Update: Ferro sentencing rescheduled

Nicholas Ferro
Nicholas Ferro

Nicholas Ferro, who was convicted of second-degree murder in September for the 2009 stabbing death of Marquise Butler, will wait until February to find out his sentence.

Ferro, 26, could receive life in prison when he goes before Circuit Court Judge Luis Garcia on Feb. 7. His sentencing was scheduled for Monday, Dec. 2, but it was changed last week.

Ferro's attorneys, Edward O'Donnell and Edward O'Donnell IV, have also filed a motion for a new trial. Garcia is scheduled to rule on the motion on Feb. 6.

An Upper Keys jury found Ferro, 26, guilty of second-degree murder on Sept. 27. He killed Butler, then 23, on Oct. 31, 2009, during an early-morning brawl on Duval Street.

Ferro’s attorneys unsuccessfully argued self defense. O'Donnell and O'Donnell IV said their client and his friends were attacked by an angry Key West mob that included Butler.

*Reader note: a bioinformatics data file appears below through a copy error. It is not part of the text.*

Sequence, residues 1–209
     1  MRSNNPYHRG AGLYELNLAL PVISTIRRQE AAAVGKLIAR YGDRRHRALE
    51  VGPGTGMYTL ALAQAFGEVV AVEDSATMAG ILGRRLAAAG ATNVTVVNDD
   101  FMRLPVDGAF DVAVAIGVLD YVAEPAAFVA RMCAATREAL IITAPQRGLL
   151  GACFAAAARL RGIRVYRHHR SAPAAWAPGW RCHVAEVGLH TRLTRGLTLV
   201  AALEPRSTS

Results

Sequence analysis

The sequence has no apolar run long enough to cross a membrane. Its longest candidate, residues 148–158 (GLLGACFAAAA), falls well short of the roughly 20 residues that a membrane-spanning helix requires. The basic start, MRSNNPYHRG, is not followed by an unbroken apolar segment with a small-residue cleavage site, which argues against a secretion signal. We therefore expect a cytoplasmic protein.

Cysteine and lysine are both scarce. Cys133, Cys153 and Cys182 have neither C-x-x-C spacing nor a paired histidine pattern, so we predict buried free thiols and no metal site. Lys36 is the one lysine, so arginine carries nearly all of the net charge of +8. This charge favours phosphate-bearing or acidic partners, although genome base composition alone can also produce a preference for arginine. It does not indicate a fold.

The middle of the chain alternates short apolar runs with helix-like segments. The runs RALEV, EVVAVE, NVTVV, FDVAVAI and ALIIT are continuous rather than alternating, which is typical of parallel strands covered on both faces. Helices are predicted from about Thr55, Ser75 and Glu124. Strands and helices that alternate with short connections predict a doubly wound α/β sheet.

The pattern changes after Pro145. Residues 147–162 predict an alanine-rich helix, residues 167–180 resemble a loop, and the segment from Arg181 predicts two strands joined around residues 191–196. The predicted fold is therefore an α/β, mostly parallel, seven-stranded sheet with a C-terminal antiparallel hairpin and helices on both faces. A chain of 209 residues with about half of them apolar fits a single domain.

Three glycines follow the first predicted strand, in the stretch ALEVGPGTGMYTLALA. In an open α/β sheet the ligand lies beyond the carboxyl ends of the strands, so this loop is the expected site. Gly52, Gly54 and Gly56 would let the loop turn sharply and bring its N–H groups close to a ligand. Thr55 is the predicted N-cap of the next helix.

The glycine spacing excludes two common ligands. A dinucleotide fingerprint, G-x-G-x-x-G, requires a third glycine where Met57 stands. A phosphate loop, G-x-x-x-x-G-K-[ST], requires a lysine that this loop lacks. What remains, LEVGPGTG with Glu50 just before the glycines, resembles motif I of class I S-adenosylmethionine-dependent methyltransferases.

Ferro, his attorneys said, jumped into the middle of a group beat-down being meted out on his friend, Jorge Averoff. He said he pulled his pocketknife out after being knocked to the ground by Butler, who Ferro said ran into the knife's small blade when he lurched to hit Ferro again.

Butler died later that morning on a Lower Keys Medical Center operating table. The 2.5-inch blade penetrated 6 inches into Butler's abdomen.

A jury took less than two hours to find Ferro guilty of murder, despite emotional testimony from Ferro's friends saying he saved Averoff's life, and a discovery violation by one of the state's main witnesses.

This was the second time Ferro faced trail for killing Butler. The first trial ended in a hung jury, prompting Chief Circuit Court Judge David Audlin to declare a mistrial. The case was moved to the Upper Keys because Butler and his family are too well known in Key West.

Prosecutors Breezye Telfair and Miesha Darrough from the Miami-Dade State Attorney’s Office took the place of Monroe County prosecutors because several staff members here had tied to the Butler family. Between his trials, Ferro was released on $750,000 bond.

During closing arguments in Ferro's second trial, the O'Donnells told jurors that Ferro made a split-second decision to jump in the middle of a the melee around 4 a.m. near Caroline and Simonton streets to help Averoff fend off an attack from Butler and other locals.